Author Topic: Hello from East Lancashire from very newbie!  (Read 470 times)

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Offline Hitman47

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Hello from East Lancashire from very newbie!

« on: July 08, 2018, 06:46:37 PM »
Good afternoon all, I've never really been interested in bikes until recently when I came across the FB Mondial hipster 125.

I decided to look at what I need to do in order to get a licence and get out on the road on one of these bikes. I've checked my car driving licence and it states on the back I have A code, but I've never done any motorbike riding or done a Cbt. I passed my car test in 2003, and as I understand it I would need a Cbt, but why do I have the A code already on my licence? Dose it mean I can ride any bike without further test?

Thanks in advanced.


Offline UltraWomble

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Re: Hello from East Lancashire from very newbie!

« Reply #1 on: July 08, 2018, 08:08:26 PM »
Your A will only act as a provisional if you have a valid CBT.

P or AM is for 50cc mopeds, which depending on when you passed your test you may be able to ride without CBT. Personally speaking if you have never ridden before I really do recommend doing a CBT even if you intend to ride a 50 and nothing else ever ( which you will have to do if you have not done one anyway and want to ride a 125cc)

a 125cc bike is fab, for about 2 weeks, then you will wish you had something bigger. And this is coming from the resident small bike nutter who has an armada of 49cc bikes and loves small capacity bikes.  Believe me its no fun trying to overtake a lorry on the motorway on a 125cc ( which you cant do on L plates *ahem*).

Welcome.

Im the odd one who they dont talk about much. Ride what you enjoy and enjoy what you ride.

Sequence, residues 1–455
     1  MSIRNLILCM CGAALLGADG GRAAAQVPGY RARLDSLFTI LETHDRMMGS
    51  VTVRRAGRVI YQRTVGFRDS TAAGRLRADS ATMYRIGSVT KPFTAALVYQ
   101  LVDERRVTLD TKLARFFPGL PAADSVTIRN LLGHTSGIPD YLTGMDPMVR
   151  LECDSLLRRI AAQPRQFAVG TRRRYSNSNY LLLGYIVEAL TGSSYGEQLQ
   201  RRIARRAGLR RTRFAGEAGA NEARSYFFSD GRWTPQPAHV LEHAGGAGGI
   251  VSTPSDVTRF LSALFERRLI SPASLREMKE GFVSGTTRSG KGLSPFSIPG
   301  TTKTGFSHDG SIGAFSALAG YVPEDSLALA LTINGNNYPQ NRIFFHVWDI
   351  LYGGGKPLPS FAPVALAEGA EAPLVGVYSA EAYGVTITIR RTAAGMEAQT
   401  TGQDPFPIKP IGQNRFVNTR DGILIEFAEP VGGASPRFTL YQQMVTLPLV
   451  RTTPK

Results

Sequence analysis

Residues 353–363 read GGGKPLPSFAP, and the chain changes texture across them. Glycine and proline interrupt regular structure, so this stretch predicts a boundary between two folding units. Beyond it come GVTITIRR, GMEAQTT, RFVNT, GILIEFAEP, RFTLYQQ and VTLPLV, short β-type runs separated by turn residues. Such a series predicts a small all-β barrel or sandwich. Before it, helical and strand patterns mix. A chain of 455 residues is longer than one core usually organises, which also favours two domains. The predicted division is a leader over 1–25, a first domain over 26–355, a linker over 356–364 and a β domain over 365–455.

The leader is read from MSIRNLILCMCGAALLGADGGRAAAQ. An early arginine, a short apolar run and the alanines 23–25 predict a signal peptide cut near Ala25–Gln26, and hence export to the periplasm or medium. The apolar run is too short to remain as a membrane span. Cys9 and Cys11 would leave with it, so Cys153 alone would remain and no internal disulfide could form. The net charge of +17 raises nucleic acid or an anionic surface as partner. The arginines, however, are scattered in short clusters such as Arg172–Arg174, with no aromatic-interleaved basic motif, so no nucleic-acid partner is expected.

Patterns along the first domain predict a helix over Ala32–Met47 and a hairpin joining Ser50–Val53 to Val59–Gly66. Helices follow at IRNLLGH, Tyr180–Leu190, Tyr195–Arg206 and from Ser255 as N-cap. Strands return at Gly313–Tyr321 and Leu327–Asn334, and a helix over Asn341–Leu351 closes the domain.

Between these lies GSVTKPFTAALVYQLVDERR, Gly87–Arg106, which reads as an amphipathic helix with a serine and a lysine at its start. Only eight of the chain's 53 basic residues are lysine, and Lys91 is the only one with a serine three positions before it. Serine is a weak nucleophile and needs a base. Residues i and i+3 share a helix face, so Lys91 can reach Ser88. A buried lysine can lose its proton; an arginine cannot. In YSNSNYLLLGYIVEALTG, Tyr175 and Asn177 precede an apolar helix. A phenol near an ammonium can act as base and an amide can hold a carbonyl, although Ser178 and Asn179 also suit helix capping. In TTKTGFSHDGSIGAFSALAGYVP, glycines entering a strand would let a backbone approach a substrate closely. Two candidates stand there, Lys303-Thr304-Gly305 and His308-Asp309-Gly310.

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Offline tomcat

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Re: Hello from East Lancashire from very newbie!

« Reply #2 on: July 08, 2018, 08:36:50 PM »
Womble is right. The 125 is the start of a slippery slope into the dark recesses of motorcycle ownership.
An alternative route would be to attend a motorcycle instruction course for direct access into a full license.
This means you use their bikes to train and practice on and achieve a full motorcycle license in a matter of days. Providing you are over 25.
A 125 feels quick at first until reality kicks in. For similar money a lot of larger capacity bikes are then available to you.
Yes it's a larger amount to shell out compared to just CBT. The bonus is you escape the massive devaluation of a 125 motorcycle.
Where in East Lancs are you?
« Last Edit: July 08, 2018, 08:39:22 PM by tomcat »
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Offline Hitman47

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Re: Hello from East Lancashire from very newbie!

« Reply #3 on: July 08, 2018, 09:57:52 PM »
Thanks for the replys.

I don't travel very far unless I'm taking children out. I'm really only looking for something for 20 mile round trips. But I guess I'll want to explore sooner. But I've only seen the mondial that I like not seen anything else. Also any opinions on what riding instructors to look at?
« Last Edit: July 08, 2018, 10:10:38 PM by Hitman47 »

Offline Hitman47

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Re: Hello from East Lancashire from very newbie!

« Reply #4 on: July 08, 2018, 10:35:10 PM »
Where in East Lancs are you?

Iím in Accrington.

Online Tricky34

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Re: Hello from East Lancashire from very newbie!

« Reply #5 on: July 09, 2018, 08:28:57 AM »
The direct access courses are great if you know you want to ride something bigger eventually.
But if you just want something for nipping about on, then a 125 would be fine. As has been said you will need to do the CBT, ask at the bike dealer, as they will know local instructors. And maybe even do a deal in with buying the bike.